• Columnist

        December 31st 2015 @ 12:40pm
        Brett McKay said | December 31st 2015 @ 12:40pm | ! Report

        Cheers Ben. Seems the memory is fog-affected, too..

      • January 3rd 2016 @ 6:51pm
        The V Man said | January 3rd 2016 @ 6:51pm | ! Report

        Well done ben!

    • Columnist

      December 31st 2015 @ 8:56am
      Brett McKay said | December 31st 2015 @ 8:56am | ! Report

      The gongs keep rolling in for the All Blacks – all six retiring stars today were named on the NZ Honours List, with McCaw admitted the to the Order of New Zealand..

      • December 31st 2015 @ 9:13am
        ben said | December 31st 2015 @ 9:13am | ! Report

        Yeah read that. Not sure if he turned down the “sir” or not.
        Also Hansen seems to be missing on the gong list.

        • December 31st 2015 @ 9:46am
          Muzzo said | December 31st 2015 @ 9:46am | ! Report

          Yeh ben, Richie made a statement, that he felt honored to receive the the Order of New Zealand, & felt uncomfortable with any of the other proposed awards. So in truth, I think he wanted a New Zealand award for his achievements, not an English one, which was his choice, as a person that is proud of his heritage & where he came from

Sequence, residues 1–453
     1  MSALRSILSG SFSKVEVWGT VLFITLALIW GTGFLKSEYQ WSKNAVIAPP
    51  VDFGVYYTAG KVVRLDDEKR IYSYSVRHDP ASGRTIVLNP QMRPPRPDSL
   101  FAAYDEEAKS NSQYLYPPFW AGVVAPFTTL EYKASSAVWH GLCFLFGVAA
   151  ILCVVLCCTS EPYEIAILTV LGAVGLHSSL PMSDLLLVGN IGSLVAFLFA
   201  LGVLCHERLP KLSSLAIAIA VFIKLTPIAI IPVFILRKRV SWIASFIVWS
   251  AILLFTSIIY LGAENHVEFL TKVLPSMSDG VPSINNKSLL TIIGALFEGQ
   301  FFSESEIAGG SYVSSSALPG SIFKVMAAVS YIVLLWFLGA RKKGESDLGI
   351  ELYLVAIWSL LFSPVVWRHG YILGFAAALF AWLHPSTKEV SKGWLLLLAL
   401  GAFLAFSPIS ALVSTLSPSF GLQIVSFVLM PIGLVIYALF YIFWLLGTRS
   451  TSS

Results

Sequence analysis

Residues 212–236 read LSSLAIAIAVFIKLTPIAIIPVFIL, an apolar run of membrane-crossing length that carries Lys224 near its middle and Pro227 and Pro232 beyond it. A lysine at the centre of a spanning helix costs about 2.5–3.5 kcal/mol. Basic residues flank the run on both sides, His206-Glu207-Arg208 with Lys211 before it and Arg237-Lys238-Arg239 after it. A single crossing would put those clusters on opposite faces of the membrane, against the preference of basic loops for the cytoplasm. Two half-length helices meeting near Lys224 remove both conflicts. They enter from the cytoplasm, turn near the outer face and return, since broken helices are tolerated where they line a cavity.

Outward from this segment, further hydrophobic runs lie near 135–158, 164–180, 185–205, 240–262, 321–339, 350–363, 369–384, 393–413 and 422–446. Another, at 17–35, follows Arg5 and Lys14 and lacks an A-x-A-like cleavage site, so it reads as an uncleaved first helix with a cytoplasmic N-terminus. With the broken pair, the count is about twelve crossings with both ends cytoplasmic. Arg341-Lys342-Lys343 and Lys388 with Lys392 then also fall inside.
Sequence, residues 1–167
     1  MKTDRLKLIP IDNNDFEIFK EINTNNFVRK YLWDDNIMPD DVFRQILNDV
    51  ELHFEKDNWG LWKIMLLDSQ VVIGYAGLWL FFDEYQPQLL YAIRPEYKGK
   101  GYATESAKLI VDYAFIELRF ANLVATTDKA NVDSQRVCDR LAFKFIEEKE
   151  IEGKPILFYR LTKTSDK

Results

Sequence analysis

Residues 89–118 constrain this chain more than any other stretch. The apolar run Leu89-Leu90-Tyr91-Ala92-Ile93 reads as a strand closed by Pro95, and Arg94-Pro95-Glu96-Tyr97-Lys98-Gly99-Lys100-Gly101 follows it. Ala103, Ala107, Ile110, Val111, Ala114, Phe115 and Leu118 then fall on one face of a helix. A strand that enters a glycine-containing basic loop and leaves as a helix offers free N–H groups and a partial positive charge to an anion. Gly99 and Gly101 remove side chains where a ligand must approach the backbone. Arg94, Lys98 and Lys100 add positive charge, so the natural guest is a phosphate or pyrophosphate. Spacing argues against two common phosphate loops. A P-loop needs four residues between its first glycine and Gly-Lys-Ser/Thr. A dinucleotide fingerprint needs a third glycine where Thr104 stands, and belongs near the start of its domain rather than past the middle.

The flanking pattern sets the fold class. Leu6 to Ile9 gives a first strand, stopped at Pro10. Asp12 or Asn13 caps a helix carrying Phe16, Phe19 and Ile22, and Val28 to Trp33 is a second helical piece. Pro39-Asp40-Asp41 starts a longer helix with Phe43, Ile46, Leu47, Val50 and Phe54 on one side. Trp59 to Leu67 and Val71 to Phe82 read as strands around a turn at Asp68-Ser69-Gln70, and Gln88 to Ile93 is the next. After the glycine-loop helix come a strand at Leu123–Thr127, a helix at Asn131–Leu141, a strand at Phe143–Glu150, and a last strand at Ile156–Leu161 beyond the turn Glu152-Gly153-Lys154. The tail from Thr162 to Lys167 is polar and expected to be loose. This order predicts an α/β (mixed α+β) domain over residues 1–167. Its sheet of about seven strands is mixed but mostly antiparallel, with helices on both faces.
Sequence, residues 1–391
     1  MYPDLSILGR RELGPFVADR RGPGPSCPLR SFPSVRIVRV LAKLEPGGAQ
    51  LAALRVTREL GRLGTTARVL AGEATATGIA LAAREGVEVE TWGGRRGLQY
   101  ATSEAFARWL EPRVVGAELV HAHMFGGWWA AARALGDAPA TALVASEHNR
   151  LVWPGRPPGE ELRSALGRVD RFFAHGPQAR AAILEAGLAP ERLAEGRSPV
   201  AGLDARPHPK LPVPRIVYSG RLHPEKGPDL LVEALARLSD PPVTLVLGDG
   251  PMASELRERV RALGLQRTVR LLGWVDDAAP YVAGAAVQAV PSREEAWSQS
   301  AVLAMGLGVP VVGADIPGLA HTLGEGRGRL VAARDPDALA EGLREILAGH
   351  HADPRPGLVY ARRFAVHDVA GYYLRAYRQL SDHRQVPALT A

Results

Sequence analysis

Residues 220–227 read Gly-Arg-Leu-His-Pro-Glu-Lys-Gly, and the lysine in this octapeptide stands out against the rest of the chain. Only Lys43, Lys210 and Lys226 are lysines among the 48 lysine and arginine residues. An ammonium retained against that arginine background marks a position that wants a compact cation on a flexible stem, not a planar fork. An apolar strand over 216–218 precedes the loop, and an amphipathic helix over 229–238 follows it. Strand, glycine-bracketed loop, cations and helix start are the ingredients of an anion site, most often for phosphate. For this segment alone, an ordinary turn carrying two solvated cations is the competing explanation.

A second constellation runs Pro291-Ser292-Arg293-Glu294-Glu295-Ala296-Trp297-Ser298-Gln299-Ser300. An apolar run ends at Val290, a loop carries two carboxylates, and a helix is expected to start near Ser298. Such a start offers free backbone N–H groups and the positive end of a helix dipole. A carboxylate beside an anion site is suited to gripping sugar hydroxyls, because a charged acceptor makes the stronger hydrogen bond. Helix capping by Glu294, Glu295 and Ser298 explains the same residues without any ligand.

• December 31st 2015 @ 11:45am
            Council said | December 31st 2015 @ 11:45am | ! Report

            Not at all Muzzo. Lord McCaw turned down a knighthood due to feeling having a title at his age wouldn’t be appropriate and isn’t in his nature.

            • January 1st 2016 @ 11:05am
              Muzzo said | January 1st 2016 @ 11:05am | ! Report

              If Anything Council, Richie, still did accept New Zealand’s highest award, & not the English award. You seem to forget, the likes of Richard Hadlee, who was in his thirties when he was handed his English title. Cheers.

          • Roar Guru

            December 31st 2015 @ 12:01pm
            Machooka said | December 31st 2015 @ 12:01pm | ! Report

            Damnit Muzzo… I was so SO sure ‘we’ would have a Sir Richie!

            Anyways, it’s a true testament to the real man that he is, was, and no doubt will continue to be.